Consumer grade flash storage devices may or may not come with a locked BOM or a commitment to a product change notification. If these are required for the product lifecycle of your industrial application, then industrial grade flash storage products are a better bet.


Considering the upgraded components of industrial flash storage devices, it makes sense that industrial grade flash storage options have a higher price per unit. Consumer flash storage devices are typically more affordable than the industrial flash storage devices of the same capacity. After all, they are manufactured with different standards of materials and firmware. Both industrial and consumer grade flash storage options have certain benefits, and the best option depends on the nature of its intended use. It is important to consult with the manufacturer to see what their specific recommendations are if you are not sure. It’s a good idea to review the product specification details to be sure the capabilities match your requirements. Also, review the manufacturer policies, such as warranty and lifecycle management support to be sure you have what’s needed to ensure the success of your application and the data it collects.



  • This field is for validation purposes and should be left unchanged.

Related Posts

FAQs About the Industrial CFast Card

  Industrial CFast cards offer high-capacity storage solutions for applications that are migrating to a...

Industrial SATA for Controls/Automation

  In recent years, an increased use of controls/automation has revolutionized efficiency in factory settings....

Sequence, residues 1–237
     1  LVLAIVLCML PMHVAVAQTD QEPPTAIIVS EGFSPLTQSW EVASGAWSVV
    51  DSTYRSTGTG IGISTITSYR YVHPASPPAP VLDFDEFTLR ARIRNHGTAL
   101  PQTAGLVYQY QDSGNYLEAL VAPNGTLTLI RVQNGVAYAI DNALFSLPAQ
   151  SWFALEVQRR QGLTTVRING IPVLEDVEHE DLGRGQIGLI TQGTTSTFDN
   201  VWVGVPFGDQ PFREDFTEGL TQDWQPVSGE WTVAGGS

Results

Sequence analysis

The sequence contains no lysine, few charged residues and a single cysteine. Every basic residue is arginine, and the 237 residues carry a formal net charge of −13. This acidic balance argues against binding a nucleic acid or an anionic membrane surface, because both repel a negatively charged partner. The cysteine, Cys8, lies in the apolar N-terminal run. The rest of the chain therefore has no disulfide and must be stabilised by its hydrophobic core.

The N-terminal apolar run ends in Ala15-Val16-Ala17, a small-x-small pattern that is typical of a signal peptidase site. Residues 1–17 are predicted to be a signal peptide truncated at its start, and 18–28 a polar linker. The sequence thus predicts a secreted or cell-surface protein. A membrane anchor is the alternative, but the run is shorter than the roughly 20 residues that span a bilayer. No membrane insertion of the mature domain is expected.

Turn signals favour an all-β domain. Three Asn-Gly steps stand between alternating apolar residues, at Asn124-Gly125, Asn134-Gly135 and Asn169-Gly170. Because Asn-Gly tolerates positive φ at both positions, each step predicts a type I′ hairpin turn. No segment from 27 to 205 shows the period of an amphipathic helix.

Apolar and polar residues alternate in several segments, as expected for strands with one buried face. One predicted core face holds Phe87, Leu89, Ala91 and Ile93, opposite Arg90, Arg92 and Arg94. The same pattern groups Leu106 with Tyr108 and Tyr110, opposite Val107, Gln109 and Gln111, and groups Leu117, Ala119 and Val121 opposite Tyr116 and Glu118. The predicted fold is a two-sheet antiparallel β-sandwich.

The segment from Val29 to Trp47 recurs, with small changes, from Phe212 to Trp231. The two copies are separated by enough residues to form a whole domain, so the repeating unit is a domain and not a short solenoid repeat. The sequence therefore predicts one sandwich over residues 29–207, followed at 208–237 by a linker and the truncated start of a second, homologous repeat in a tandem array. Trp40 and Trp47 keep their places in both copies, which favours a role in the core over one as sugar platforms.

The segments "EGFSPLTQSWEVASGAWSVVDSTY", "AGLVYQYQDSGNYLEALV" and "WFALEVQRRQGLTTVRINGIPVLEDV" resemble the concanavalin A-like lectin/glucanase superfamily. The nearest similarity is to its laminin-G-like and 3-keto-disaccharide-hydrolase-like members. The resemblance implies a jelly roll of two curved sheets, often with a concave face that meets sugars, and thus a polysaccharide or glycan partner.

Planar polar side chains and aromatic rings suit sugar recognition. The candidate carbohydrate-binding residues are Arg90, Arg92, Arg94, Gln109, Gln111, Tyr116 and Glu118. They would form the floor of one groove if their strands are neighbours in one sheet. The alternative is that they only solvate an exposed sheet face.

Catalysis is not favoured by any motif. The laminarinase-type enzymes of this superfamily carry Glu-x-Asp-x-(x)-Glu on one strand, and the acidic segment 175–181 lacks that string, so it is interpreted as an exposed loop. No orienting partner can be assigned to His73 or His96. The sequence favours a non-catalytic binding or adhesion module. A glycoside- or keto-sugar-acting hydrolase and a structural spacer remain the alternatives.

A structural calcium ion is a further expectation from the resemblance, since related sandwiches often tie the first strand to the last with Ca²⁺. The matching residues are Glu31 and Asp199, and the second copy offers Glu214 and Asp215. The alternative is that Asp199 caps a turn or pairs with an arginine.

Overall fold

Customer Success Story: Application Lifecycle Challenges

  In 2009, mSATA was introduced to the market to address the demand for consumer...

Answering Common Questions About M.2

  Flash memory form factors that are widely compatible and appropriate for a variety of...

Temperature and SLC NAND Flash Memory: What You Need to Know

  NAND flash memory is the preferred form of storage for everything from consumer smartphones...

Concept of Communication Network Applications in City
Industrial CF Cards for the Communications/Networking Industry

  Which kind of embedded storage is best for industrial applications?  It is an understandable...

The ABC’s of microSD and SD Cards

  It used to be so simple.  Just select a Class 10 card and you...

Delkin Devices M.2 2280, PCIe, 128 GB SSD featured for the new UltraZed-EV

Delkin Devices SSD, Internal, M.2 2280 is featured for NVMe SSD capability to the...

Delkin S330 SATA SSD
SATA (Serial ATA) Technical Guide

  SATA Serial ATA was introduced in 2003. It evolved from PATA, and shortly after its...

Interfaces Form Factors
Industrial Flash Storage for Embedded Computing Applications

  Embedded computing applications are critical for both consumer and industrial devices. With such a...